Judge's Report and Recommendation de novo.
See Fed. R. Civ. P. 72; 28 U.S.C. § 636(b)(1)
(“A judge of the court shall make a de novo
determination of those portions of the report or specified
proposed findings and recommendations to which objection is
made.”). A court conducting a de novo review
examines the entire record and makes an independent
assessment under the law. Douglass v. United States Auto.
Ass'n, 79 F.3d 1415, 1430 (5th Cir. 1996) (en banc),
superseded by statute on other grounds, 28 U.S.C.
§ 636(b)(1) (extending the time to file objections from
ten to fourteen days).
filed this action originally alleging various claims against
various parties. (Doc. No. 1.) Subsequently, the Court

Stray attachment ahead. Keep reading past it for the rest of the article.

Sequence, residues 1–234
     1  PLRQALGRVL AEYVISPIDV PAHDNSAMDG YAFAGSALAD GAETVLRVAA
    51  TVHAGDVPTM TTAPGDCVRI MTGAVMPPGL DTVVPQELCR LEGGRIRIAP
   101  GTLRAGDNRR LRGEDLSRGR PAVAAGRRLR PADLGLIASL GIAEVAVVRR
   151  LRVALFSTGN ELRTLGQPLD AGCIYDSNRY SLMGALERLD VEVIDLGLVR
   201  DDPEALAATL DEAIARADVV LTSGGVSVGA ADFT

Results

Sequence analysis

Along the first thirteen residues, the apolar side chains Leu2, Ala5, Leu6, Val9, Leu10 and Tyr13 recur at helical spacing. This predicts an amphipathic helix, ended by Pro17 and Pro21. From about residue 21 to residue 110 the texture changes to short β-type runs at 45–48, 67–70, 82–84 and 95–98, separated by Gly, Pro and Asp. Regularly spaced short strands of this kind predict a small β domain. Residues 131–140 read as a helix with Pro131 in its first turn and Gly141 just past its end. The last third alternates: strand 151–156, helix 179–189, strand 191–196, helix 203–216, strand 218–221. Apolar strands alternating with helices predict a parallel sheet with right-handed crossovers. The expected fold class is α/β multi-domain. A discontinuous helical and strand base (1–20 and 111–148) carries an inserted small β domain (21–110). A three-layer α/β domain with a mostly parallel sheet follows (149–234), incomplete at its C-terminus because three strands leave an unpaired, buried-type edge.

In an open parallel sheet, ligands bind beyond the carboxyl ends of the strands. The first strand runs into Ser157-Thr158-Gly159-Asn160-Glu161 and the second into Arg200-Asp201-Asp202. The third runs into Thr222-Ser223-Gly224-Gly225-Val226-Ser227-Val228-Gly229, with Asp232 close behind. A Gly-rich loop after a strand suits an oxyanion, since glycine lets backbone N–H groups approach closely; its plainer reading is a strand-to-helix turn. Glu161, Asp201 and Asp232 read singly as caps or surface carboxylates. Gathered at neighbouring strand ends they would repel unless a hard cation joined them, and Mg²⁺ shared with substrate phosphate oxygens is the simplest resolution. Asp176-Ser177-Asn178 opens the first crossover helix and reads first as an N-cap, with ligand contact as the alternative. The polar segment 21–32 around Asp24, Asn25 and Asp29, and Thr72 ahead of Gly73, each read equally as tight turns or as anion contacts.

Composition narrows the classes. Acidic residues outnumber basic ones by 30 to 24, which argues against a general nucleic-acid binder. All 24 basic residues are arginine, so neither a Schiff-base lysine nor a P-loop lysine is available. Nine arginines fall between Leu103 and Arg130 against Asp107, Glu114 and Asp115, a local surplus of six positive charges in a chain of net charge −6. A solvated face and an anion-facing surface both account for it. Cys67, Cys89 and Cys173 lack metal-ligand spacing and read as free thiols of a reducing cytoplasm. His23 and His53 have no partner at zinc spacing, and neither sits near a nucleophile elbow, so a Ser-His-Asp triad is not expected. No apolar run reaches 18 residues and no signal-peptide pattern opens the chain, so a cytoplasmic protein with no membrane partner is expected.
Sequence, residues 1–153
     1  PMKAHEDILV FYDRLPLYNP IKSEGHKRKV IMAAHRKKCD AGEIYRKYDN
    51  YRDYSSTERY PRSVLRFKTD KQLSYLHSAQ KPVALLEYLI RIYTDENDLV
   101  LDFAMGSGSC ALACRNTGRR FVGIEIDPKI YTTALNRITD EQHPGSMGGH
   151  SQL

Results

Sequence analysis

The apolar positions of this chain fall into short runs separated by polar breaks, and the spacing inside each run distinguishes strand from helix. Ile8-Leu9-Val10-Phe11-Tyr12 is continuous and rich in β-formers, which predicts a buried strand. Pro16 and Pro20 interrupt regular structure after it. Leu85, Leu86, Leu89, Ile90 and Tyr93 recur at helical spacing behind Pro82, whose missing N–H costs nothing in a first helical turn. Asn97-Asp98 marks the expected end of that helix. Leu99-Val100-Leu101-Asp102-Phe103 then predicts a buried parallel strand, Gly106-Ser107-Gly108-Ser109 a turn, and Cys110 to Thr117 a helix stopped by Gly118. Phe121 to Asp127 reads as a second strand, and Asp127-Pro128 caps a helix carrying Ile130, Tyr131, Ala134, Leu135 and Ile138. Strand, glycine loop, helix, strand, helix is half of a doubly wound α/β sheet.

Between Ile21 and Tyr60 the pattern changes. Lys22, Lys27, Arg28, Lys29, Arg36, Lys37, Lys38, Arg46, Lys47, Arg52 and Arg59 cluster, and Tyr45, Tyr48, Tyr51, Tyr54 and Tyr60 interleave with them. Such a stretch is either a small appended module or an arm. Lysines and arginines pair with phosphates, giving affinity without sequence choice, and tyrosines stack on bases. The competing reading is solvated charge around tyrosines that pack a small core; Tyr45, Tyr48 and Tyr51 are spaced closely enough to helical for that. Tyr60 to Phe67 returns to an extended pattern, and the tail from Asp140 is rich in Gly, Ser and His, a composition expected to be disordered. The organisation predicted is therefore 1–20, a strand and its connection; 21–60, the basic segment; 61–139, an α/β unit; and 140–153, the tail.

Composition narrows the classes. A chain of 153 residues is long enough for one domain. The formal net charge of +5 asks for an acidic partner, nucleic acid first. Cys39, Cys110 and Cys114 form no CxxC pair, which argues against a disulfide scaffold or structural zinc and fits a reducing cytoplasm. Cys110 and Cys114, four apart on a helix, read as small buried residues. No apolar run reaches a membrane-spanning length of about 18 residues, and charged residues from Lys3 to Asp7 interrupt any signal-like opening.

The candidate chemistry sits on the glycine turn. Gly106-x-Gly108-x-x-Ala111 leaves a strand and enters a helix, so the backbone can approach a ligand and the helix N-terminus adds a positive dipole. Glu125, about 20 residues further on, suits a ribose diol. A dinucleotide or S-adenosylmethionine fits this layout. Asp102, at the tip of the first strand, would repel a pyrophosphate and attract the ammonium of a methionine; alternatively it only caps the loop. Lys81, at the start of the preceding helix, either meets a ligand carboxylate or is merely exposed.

entered an Order of Partial Dismissal (Doc. No. 107), which
dismissed several of Plaintiff's claims and narrowed the
scope of the instant action. The only remaining claim is
Plaintiff's claim pursuant to the Religious Land Use and
Institutionalized Persons Act (“RLUIPA”) against
Defendants Lorie Davis, Thomas Taylor, and Mark Sandlin.
(Doc. No. 107, at 12.) In his Report and Recommendation, the
Magistrate Judge recommended dismissing Defendants Thomas
Taylor and Mark Sandlin without prejudice due to lack of
subject matter jurisdiction. (Doc. No. 156.) Specifically,
the Magistrate Judge found that there is no genuine dispute
as to any material fact regarding Defendants Taylor and
Sandlin's power and authority to transfer Plaintiff to a
facility with a kosher kitchen. Accordingly, the Magistrate
Judge found that Plaintiff failed to establish the existence